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When learning SELinux, I executed semanage fcontext -l > fcontext.txt under /root directory to dump massive fcontext information to a file. The funny result is: fcontext.txt was created, but the size of it is 0.

I asked in #fedora-selinux IRC channel, a Fedora QA told me try change the type of SELinux context of fcontext.txt to semanage_tmp_t. It works finally.

But what still confusing me is:

Which process/program create/write the standard output to the redirected file ? (so that SELinux targetd policy should applied to that process/program)

  • The bash shell ? /bin/bash
  • or semanage (it's a python script) ? /usr/sbin/semanage
  • or the interpreter - python ? /usr/bin/python

I thought it should be the bash shell, because I/O redirection is controlled by shell (right?), not the program itself. so semanage/python didn't create the file directly.

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btw, pipe works fine, semanage fcontext -l | cat > fcontext.txt will fill the fcontext.txt file –  LiuYan 刘研 Jun 8 '11 at 10:01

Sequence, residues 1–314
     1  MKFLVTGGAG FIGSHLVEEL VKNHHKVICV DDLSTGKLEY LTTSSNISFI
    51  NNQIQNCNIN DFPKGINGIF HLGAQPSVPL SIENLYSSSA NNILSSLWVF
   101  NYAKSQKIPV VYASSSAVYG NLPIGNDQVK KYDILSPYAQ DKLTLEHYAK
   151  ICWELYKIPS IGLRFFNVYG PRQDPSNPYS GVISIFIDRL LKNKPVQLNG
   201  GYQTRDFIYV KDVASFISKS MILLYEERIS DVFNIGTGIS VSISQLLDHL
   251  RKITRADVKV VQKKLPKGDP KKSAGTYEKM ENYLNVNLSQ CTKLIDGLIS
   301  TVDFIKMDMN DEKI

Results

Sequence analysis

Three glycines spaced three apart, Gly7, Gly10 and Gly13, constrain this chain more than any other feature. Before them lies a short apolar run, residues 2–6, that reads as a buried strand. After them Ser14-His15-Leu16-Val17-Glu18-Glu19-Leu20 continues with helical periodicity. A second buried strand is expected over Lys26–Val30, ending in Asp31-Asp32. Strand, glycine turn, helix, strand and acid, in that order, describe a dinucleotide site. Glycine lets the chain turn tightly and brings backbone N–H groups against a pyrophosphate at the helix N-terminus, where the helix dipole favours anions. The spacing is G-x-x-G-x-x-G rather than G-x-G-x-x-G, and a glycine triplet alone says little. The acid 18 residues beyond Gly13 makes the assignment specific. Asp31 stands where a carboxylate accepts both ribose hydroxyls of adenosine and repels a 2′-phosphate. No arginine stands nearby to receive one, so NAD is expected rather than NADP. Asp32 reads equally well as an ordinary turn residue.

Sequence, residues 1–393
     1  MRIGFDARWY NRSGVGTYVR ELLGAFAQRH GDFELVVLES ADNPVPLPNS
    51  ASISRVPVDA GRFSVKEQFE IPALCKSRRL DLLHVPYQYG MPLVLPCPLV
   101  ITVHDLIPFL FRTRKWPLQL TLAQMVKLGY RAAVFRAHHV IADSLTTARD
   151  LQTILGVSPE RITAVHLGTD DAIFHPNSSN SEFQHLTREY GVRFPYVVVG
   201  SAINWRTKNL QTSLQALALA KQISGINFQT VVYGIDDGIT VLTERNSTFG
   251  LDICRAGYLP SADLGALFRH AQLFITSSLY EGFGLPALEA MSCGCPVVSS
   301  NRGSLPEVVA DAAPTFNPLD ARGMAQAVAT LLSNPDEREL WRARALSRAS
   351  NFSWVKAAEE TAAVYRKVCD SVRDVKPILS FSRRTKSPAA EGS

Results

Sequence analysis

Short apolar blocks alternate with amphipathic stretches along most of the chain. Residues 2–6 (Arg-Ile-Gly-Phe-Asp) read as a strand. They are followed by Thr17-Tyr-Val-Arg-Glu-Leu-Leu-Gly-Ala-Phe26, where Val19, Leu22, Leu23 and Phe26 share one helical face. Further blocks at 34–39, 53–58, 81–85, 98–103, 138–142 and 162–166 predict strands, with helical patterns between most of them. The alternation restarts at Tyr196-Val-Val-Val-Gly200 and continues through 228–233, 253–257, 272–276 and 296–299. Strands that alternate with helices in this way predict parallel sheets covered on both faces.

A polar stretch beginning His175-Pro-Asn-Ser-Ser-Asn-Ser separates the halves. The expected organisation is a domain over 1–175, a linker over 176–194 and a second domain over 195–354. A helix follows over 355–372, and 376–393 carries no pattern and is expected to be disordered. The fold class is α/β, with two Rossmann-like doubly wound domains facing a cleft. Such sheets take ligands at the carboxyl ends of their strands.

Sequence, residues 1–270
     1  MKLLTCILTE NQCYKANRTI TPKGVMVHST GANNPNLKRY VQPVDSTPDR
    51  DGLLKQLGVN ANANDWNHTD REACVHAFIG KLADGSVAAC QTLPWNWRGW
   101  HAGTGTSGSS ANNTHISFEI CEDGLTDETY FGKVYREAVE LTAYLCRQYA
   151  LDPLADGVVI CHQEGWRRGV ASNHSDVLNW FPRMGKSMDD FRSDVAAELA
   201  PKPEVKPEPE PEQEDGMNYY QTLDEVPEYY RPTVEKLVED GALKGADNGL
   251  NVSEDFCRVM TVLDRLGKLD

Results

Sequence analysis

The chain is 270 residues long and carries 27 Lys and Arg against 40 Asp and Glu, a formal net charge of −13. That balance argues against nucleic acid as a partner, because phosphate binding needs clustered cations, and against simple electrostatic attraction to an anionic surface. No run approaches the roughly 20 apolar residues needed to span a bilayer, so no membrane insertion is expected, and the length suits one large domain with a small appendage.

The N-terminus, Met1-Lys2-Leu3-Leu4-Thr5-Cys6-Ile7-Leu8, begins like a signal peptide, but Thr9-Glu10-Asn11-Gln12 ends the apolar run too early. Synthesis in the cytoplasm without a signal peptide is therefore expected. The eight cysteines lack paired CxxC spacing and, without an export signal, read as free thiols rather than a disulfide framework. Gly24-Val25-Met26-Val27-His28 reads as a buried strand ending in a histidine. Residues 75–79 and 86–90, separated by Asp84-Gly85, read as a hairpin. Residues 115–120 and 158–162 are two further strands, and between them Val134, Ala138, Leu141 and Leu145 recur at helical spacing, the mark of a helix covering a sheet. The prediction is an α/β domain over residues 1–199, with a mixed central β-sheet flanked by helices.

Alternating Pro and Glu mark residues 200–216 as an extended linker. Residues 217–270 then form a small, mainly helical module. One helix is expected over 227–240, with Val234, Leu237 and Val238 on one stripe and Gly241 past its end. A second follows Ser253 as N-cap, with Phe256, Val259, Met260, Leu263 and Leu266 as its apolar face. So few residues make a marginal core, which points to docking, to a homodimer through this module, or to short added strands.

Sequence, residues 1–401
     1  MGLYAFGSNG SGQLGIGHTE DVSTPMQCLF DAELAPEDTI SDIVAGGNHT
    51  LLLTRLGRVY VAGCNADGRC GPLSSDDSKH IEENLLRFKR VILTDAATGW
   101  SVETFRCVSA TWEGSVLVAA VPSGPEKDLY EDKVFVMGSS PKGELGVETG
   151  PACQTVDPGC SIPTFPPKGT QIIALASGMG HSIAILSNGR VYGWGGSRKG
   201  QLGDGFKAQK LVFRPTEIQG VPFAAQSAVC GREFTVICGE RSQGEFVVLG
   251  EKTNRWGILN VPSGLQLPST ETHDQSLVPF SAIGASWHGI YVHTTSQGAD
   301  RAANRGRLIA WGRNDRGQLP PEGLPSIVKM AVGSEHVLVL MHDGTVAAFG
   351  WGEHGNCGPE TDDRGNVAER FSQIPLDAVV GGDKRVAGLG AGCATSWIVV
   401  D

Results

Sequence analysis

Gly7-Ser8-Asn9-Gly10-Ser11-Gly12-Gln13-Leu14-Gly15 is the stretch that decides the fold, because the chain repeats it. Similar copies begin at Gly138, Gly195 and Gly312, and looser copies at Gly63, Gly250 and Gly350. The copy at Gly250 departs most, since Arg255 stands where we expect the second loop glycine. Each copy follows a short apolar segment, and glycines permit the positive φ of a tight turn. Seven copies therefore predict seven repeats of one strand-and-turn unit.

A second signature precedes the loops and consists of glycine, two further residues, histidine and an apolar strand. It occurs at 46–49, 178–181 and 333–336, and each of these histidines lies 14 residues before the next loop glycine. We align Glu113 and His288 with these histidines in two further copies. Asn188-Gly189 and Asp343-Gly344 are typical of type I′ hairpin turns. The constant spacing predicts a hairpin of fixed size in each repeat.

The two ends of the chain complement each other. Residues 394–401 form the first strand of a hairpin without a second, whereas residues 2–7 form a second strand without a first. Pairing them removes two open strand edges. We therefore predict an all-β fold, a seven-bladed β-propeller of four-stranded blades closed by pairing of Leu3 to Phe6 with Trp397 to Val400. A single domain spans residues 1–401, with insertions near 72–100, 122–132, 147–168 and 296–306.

1 Answer 1

up vote 4 down vote accepted

You're right: redirection for input and output streams is done by the shell.

In more detail, when you execute a command through the shell the following procedure is run:

  1. The shell forks to create a new process.

  2. The newly-created shell ("child" shell) applies redirections: it opens the file specified as output target (resp. input source) and sets it as the new STDOUT (resp. STDIN) stream (using the dup2 system call).

  3. The"child" shell execs the command you asked to run, using the execve(2) system call, which replaces the shell process with a new program.

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thanks, this explains why the file was created (step 2), but no contents were written (step 3) if SELinux=Enforcing. –  LiuYan 刘研 Jun 8 '11 at 12:34

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